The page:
I think that the nuances that regulators are trying to find between different types of crypto assets is wrong. I think that we should take crypto as a whole and implement regulatory supervision on it because, otherwise, technology is smarter than us. Regulators did not notice when the initial coin offering craze started in early 2018. Today we have very sophisticated issuances of crypto that are not exactly securities like stablecoins or utility coins. We should take a very wide definition of crypto and have authorities supervise it. I think that this is the right direction.

The nuances between securities and crypto are not very clear. We cannot always define them using our legal tools. I think that, in the end, securities regulators should adopt crypto as a security regardless of its format without going into details. The public is exposed, and we cannot protect investors and consumers in the way that they should be protected from the crypto phenomenon. Opportunities are also going away because we cannot define what is eligible and what is not eligible in our market. So, this is the endgame that we should aspire to.

I read that in January 2021, a company called Kirobo tried to prove that they were issuing a utility coin but the ISA ruled it was a security. Is this what you mean?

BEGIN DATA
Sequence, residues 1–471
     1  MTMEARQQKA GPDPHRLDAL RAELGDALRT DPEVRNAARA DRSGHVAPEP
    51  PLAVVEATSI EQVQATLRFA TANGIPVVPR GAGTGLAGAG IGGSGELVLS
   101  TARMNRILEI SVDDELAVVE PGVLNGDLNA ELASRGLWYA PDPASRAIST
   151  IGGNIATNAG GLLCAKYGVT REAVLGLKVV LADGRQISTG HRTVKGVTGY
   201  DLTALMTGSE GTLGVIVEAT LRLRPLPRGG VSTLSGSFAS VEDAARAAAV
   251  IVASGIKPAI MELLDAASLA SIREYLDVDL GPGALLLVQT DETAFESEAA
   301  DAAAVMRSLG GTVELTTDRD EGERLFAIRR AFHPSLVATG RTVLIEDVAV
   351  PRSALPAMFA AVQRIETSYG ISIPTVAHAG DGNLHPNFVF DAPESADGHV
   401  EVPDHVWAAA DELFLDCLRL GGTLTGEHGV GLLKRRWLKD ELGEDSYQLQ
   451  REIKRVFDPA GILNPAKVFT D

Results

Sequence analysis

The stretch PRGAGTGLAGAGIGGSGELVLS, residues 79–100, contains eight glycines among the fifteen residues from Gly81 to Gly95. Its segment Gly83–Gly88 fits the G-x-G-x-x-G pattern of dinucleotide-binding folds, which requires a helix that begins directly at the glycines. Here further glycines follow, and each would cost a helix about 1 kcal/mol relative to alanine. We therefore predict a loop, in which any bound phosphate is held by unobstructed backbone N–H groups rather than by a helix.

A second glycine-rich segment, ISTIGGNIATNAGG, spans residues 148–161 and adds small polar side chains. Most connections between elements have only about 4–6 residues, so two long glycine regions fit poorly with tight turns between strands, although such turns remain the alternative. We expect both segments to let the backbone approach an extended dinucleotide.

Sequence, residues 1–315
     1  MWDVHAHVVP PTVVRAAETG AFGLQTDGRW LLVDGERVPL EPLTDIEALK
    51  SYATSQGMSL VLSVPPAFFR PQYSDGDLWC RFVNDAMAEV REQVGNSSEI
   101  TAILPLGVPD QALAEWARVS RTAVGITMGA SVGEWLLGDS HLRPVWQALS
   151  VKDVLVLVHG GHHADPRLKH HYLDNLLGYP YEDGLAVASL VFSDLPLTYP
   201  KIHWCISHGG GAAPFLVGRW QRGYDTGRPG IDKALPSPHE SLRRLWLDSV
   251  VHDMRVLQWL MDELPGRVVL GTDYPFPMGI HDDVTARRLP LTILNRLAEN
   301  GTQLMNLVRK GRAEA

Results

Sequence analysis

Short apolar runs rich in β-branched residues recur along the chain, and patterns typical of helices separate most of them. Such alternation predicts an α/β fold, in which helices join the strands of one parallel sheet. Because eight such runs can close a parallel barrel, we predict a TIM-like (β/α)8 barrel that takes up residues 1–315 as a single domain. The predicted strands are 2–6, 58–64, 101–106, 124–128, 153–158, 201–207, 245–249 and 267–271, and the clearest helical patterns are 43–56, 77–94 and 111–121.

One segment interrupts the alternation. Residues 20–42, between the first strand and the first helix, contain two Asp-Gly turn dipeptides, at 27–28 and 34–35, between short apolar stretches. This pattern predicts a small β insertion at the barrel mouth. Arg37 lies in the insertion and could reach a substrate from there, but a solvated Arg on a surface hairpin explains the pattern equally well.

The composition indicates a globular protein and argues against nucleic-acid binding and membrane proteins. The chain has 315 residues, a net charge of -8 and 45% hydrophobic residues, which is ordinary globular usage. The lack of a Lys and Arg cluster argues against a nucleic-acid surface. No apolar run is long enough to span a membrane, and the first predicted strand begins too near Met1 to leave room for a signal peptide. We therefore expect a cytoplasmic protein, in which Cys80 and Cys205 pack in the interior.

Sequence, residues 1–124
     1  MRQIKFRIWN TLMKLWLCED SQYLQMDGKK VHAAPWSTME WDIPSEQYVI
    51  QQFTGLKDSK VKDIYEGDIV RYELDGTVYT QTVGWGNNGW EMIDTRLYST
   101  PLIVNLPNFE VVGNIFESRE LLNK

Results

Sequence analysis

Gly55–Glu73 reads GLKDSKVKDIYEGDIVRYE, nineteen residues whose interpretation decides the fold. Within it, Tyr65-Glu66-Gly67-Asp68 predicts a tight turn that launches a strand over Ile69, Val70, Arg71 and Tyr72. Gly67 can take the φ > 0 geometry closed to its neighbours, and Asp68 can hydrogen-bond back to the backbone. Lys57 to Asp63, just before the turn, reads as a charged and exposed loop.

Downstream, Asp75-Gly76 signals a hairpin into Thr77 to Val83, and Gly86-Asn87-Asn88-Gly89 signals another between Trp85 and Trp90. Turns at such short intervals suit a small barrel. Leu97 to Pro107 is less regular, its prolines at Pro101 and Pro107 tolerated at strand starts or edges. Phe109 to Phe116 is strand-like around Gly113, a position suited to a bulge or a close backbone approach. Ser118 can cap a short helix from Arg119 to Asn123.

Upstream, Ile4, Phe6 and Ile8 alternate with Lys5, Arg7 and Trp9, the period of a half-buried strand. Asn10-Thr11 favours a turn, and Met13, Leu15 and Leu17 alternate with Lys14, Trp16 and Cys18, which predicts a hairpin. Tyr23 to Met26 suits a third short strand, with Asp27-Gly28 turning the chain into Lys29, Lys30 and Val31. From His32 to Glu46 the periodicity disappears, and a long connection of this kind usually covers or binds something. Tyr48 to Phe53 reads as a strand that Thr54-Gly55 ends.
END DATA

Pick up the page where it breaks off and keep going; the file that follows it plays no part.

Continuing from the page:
Yes, we have some cases where a token was defined as a security by the ISA, but if we have 14,000 different crypto tokens today and the ability to print a new one almost seamlessly, we cannot use the resources that were provided to us to protect investors to analyze each case. This is why my opinion is that we should have very wide responsibility for this new industry end to end and this is the only way to close the gaps that we have between the point that we should stand on and protect our public and the point that we are standing on today.

When you said crypto assets should broadly be considered as securities, did you also mean cryptocurrencies like bitcoin as well?

I don't want to go into specific examples, but I think that bitcoin is not different from any other. When bitcoin was created in 2009, it was a very small phenomenon before it became what it is today. Many other crypto assets that are active today are on the same path. So I don't differentiate between bitcoin but, as I mentioned, bitcoin is not defined as a security today and to go there, the ISA will have to get the rights and legislation to give us the right powers that we need that we currently do not have.

We have to wake up and understand that there is no real difference between crypto and securities and we have to unify the definitions in order to protect consumers and investors, and to make this industry legitimate.

UPDATE (Feb. 14, 14:46 UTC): Adds Start-Up Nation Central and Digital Asset as partners of the hackathon.


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Sandali Handagama

Sandali Handagama is CoinDesk's deputy managing editor for policy and regulations, EMEA. She does not own any crypto.